In terms of functionality, programmatic postcards serve the same purpose as automated (triggered) emails sent out by online retailers such as Amazon. When consumers demonstrate certain behaviors online, the company automatically sends out a communication about the product or products they showed interest in, as well as some recommendations for similar items. The difference is, instead of sending another email that may be ignored or sent to a spam folder, a postcard is automatically sent to the customer’s residence. It’s a technique that enables your communication to stand out a whole lot more, and because it’s a tangible item instead of a disposable email, there’s a much greater chance of the consumer following through on the purchase.
With direct mail, though, comes a sense of responsibility. If you send a postcard to everyone who looks at any page on your site, you’ll not only alienate customers, but you’ll spend yourself into a hole. The key to programmatic postcards — and, in reality, any sort of direct mail — is knowing exactly who to send these postcards to and when to send them. Focusing your energies on capturing the right data will enable you to put the postcards in the right hands at exactly the right time. The careful analysis of intent data — signs that show what is motivating a user to buy — will let you know who is ready for a postcard, versus who may still need a top of the funnel marketing piece. This combination of a reliable and effective medium alongside the internal analytics that provide insights into where an individual is on their path to purchase creates an unstoppable force.
The Bigger Marketing Picture
In last year’s piece, we showed examples of catalogs driving customer spending. Even if people didn’t buy directly from the catalog, the catalog still influenced them to consider the company in a favorable light and to make an eventual purchase. The same principle holds true for programmatic postcards and for direct mail in general.
As we know, direct mail by itself is only as good as the infrastructure that supports the medium. Overuse of direct mail results in increased costs and decreased response rates, while minimizing direct mail decreases revenue and customer loyalty. Responsible and savvy use of direct mail marketing is what can take your business to the next level. But this can’t be accomplished by siloing the results of your direct mail efforts. You must share the data from your direct mail programs with your other marketing teams and they must share their data as well to get a complete picture of the customer’s journey.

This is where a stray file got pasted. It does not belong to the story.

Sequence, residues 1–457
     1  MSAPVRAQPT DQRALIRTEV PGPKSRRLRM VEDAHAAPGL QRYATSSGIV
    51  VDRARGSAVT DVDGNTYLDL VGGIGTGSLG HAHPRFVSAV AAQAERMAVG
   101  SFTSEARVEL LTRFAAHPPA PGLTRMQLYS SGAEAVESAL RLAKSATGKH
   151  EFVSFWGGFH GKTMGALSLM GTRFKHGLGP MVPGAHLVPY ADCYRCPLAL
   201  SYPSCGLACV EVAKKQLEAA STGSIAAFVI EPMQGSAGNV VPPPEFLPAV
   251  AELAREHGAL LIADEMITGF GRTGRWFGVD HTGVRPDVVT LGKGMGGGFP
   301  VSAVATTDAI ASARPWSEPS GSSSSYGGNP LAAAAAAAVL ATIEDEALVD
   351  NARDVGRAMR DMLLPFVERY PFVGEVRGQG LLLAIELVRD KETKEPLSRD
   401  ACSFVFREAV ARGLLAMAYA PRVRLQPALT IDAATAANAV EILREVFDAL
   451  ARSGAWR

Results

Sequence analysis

Much like email marketing or social media marketing, direct mail marketing is just one part of an integrated marketing campaign. And it is a powerful closer, with the highest response rates of any medium. The information you learn about your consumers through digital marketing should be directly applied to your direct marketing efforts. At the same time, direct mail can feed your other channels; a purchase triggered by direct mail enables you to use other marketing avenues to sell additional products to a satisfied consumer.
As we begin a new year, direct mail is far from dead, and that’s a good thing. It remains a very powerful part of any marketing campaign, and its close association with digital marketing and consumer data collection make it vital for any business that wants to reach customers in an individualized manner.
Although the world is becoming more digital by the day, the decreased clutter in physical mailboxes, as well as the attention paid to individualized marketing, makes direct mail a great way to drive a one-on-one conversation with your consumers. The use of programmatic postcards will enhance this communication, allowing you to stand out from the pack while providing the individualized service consumers will continue to demand in 2017 and beyond.